We can't help doing harm from time to time, but we should try not to.

As for the others you list, I'm confident they wouldn't hold those views about an RPG playtest. However, it doesn't change my view even if they (or you) do. I don't think there is any moral reason compelling us to post our opinions on an RPG.

1. I don't know if there is any meaningful action that causes "no harm" defined in some way (I slaughter microfauna constantly; f#!# mircrofauna). I imagine you are constantly doing some kind of cost-benefit analysis at some level. I agree that we should try not to harm other moral agents as a rule (since I am of the opinion that ethics are something created to better the lives of moral agents), but I also think I should get to say what I want and I am betting you and others do as well.

2. I bet Kant would love tabletop RPG minutiae with an undying passion that you fail to appreciate.


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Excaliburproxy wrote:
I bet Kant would love tabletop RPG minutiae with an undying passion that you fail to appreciate.

He wouldn’t claim I was morally obligated to participate in the PF2 playtest.


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Excaliburproxy wrote:
I don't know if there is any meaningful action that causes "no harm" defined in some way

There isn’t. You are arguing against a position I don’t hold (and trying to make “how we frame our feedback on an RPG” as a grand ethical question). If you want further reason - it’s one of the rules set by Paizo. You agreed to it by posting here.

Whatever you want to say - try and be kind while you say it. It’s neither complicated, nor hard.


Steve Geddes wrote:
Excaliburproxy wrote:
I don't know if there is any meaningful action that causes "no harm" defined in some way

There isn’t. You are arguing against a position I don’t hold (and trying to make “how we frame our feedback on an RPG” as a grand ethical question). If you want further reason - it’s one of the rules set by Paizo. You agreed to it by posting here.

Whatever you want to say - try and be kind while you say it. It’s neither complicated, nor hard.

You did say, "We can't help doing harm from time to time, but we should try not to."

That was the bit I was trying to get at.

Also, there is nothing uncomplicated about telling people what they should and should not do.

For the practical purposes of our conversation, I think we are largely in agreement: It is absolutely nonconstructive for person to intentionally make someone feel attacked when you are making an argument for both the person making the argument and for the person being attacked. It is not really in anyone's interest to be a jerk (aside from them getting some kind of momentary emotional catharsis of course).

Also, I agree that we are entirely ethically culpable to follow the rules of this forum because the owners of that medium have a right to how it is managed regardless of whether or not I agree with the reasons they decide to run it that way.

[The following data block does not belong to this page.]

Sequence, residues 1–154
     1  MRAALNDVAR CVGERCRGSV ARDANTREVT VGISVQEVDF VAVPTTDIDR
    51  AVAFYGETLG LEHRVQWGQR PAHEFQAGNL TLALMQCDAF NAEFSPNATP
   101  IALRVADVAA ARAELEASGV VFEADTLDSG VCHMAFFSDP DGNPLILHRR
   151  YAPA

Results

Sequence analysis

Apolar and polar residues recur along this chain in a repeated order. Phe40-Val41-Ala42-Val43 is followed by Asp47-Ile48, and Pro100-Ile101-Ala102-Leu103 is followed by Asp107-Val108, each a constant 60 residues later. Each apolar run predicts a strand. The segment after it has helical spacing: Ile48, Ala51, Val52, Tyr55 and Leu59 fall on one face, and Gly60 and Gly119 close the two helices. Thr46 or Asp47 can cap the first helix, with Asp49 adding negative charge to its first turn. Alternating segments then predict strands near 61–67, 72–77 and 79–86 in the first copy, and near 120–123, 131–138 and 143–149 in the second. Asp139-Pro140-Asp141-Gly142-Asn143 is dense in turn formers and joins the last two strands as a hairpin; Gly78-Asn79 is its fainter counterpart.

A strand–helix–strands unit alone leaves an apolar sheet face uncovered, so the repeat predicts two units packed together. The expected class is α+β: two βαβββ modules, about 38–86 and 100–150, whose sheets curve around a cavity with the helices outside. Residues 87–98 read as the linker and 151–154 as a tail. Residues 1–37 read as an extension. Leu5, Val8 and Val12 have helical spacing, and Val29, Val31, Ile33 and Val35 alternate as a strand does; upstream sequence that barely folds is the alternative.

However, you are making value judgements that I think are wrong in various places within your arguments. For instance, you earlier said that "it is important to make an effort [to be kind]." I don't think I agree with that in the way you mean it and I do not think some of the people you are trying to convince will agree with that. For many, I think the importance of being kind can legitimately be placed as being merely important because it is expedient.

Also: that Kant thing was a bit of a joke. I am sorry if that was unclear. It would have been better if I had chosen someone who was a bit keener on ethical calculus.


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I have a degree in philosophy. It’s boring, not over my head.

The error you made is in thinking I was framing some kind of argument. I’m not. I’m stating a position (I don’t like to ignore someone’s post and wasn’t planning on engaging any further with Angel Hunter D, so figured I’d explain why).

Attacking an axiom on the grounds it’s a poorly structured argument is fruitless.


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Excaliburproxy wrote:

I think it is more important to get your internet opinion out there because there is no action or information that causes no “harm” to someone who reads it.

<snip>
And frankly: I don’t think I should have to care about the “harm” my speech does so long as I mean what I say honestly.

The rules on the Paizo boards are different from what you think.

Scarab Sages

gustavo iglesias wrote:
Angel Hunter D wrote:


As for sharing a thought without offending someone, sure it's possible but I don't think it should be a goal -.

Fine, but you are wrong.

See? That was possible to say, without attaching "because you are a **** and a ***** and your brain does not work well because your parents ****".

That's his point. No more, no less.

Eh, but you haven't qualified your opinion really. My point is that if we focus on effective we won't need to worry about offense, and when it happens we can be adults with a decent thickness on our skins and not make it everyone else's problem when it only affects ourself